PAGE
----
Tutorial :Unit testing device drivers


I have a situation where I need to write some unit tests for some device drivers for embedded hardware. The code is quite old and big and unfortunately doesn't have many tests. Right now, the only kind of testing that's possible is to completely compile the OS, load it onto the device, use it in real life scenarios and say that 'it works'. There's no way to test individual components.

I came across an nice thread here which discusses unit testing for embedded devices from which I got a lot of information. I'd like to be a little more specific and ask if anyone has any 'best practices' for testing device drivers in such a scenario. I don't expect to be able to simulate any of the devices which the board in question is talking to and so will probably have to test them on actual hardware itself.

By doing this, I hope to be able to get unit test coverage data for the drivers and coax the developers to write tests to increase the coverage of their drivers.

One thing that occurs to me is to write embedded applications that run on the OS and exercise the driver code and then communicate the results back to the test harness. The device has a couple of interfaces which I can use to probably drive the application from my test PC so that I can exercise the code.

Any other suggestions or insights would be very much appreciated.

Update: While it may not be exact terminology, when I say unit testing, I meant being able to test/exercise code without having to compile the entire OS+drivers and load it onto the device. If I had to do that, I'd call it integration/system testing.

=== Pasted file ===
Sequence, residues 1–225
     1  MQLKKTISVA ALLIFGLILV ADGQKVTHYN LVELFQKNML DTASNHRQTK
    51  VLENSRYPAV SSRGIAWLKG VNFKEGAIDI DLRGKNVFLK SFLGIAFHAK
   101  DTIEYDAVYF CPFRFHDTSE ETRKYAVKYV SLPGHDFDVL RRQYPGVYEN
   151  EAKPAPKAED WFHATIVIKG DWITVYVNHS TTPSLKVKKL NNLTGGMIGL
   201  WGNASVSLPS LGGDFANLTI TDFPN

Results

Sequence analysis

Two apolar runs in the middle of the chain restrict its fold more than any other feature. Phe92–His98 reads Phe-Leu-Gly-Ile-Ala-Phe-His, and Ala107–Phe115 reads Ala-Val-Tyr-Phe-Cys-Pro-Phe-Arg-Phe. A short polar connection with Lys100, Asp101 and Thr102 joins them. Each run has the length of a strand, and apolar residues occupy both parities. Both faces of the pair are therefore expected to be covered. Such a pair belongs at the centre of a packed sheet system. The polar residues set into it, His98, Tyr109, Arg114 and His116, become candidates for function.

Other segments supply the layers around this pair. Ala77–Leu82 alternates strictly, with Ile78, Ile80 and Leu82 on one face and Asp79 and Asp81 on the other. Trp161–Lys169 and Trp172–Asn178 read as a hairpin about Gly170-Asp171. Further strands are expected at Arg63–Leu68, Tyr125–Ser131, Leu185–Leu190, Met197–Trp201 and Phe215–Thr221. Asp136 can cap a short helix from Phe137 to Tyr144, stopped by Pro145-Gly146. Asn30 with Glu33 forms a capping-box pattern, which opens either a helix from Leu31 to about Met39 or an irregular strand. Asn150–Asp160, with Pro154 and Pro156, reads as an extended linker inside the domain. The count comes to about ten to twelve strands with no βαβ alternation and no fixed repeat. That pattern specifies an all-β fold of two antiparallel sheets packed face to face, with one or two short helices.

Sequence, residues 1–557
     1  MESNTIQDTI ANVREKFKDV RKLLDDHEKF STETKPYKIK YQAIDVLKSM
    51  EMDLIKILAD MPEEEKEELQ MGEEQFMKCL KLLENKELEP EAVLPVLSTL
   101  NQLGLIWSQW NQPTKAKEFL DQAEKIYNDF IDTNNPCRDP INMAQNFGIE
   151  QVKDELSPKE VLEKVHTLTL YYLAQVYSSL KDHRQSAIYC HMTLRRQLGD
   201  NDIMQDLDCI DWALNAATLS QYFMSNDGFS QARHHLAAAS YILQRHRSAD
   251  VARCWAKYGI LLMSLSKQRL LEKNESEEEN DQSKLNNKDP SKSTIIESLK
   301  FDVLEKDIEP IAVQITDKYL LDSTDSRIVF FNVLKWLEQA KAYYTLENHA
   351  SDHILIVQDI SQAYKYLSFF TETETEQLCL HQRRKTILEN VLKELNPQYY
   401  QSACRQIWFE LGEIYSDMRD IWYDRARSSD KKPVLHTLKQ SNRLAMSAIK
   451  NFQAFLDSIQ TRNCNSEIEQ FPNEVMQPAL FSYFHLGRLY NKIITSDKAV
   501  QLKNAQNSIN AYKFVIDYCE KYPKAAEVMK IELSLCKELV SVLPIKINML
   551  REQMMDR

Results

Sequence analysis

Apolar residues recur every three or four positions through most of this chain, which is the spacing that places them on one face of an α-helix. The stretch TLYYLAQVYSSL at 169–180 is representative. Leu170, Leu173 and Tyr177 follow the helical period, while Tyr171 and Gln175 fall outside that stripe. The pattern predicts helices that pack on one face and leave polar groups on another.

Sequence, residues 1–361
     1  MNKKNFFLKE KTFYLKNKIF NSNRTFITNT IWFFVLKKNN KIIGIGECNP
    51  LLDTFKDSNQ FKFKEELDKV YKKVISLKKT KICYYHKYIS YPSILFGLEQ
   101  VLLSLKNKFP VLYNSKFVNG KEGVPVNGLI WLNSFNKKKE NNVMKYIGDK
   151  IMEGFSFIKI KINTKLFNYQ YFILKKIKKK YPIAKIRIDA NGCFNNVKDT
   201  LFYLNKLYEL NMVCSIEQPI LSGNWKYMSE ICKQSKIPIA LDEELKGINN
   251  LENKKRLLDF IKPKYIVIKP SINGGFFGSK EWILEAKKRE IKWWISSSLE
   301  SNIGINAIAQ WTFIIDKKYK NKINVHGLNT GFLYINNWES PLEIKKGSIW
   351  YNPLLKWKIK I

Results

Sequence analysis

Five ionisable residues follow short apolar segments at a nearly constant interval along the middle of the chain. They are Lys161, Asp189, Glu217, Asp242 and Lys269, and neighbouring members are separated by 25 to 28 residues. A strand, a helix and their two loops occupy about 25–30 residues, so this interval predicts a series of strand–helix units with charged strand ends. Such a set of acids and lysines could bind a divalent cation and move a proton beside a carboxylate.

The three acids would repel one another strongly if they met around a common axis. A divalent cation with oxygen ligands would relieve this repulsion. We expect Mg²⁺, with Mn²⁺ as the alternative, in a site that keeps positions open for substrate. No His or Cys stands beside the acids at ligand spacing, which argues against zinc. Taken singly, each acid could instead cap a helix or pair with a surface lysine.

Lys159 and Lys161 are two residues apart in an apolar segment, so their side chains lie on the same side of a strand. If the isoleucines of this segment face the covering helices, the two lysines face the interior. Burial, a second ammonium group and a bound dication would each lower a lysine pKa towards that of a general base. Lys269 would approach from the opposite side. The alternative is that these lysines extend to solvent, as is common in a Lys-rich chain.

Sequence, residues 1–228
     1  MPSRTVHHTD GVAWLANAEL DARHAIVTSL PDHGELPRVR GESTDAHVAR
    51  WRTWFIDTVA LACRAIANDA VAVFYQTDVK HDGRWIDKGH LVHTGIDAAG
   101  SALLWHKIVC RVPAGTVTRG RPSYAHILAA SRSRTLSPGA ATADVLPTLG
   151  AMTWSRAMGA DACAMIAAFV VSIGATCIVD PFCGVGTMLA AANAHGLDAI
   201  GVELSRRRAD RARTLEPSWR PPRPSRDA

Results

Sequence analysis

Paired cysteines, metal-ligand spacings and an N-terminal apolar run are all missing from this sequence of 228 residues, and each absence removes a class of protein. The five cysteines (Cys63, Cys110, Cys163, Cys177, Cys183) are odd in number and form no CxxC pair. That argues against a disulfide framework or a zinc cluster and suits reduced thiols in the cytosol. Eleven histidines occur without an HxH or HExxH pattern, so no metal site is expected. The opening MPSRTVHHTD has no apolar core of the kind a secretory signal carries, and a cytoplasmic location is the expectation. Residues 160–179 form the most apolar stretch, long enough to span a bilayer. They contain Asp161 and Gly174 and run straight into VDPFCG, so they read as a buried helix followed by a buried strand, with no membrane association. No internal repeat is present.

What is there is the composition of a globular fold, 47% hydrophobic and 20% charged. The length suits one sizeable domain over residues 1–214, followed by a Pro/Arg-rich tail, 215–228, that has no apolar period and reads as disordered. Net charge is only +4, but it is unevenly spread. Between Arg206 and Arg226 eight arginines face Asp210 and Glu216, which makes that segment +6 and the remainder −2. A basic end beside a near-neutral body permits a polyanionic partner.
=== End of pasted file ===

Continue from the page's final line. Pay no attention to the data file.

The problem is that the pieces of hardware we have are limited and they're often used by the developers while fixing bugs etc. To keep one dedicated and connected to the machine where the CI server and automated testing is done might be a no no at this stage. That's why I'm looking for ways to test the driver without having to actually build the whole thing and upload it onto the device.


Based on the excellent answers below, I think a reasonable way to approach the problem would be to expose driver functionality using IOCTLs and then write tests in the application space of the embedded device to actually exercise the driver code.

It would also make sense to have a small program residing in the application space on the device which exposes an API that can exercise the driver via serial or USB so that the meat of the unit test can be written on a PC which will communicate to the hardware and run the test.

If the project was just being started, I think we'd have more control over the way in which the components are isolated so that testing can be done mostly at the PC level. Given the fact that the coding is already done and we're trying to retrofit the test harness and cases onto the system, I think the above approach is more practical.

Thanks everyone for your answers.


In the old days, that was how we tested and debugged device drivers. The very best way to debug such a system was for engineers to use the embedded system as a development system andâ€"once adequate system maturity was reachedâ€" take away the original cross-development system!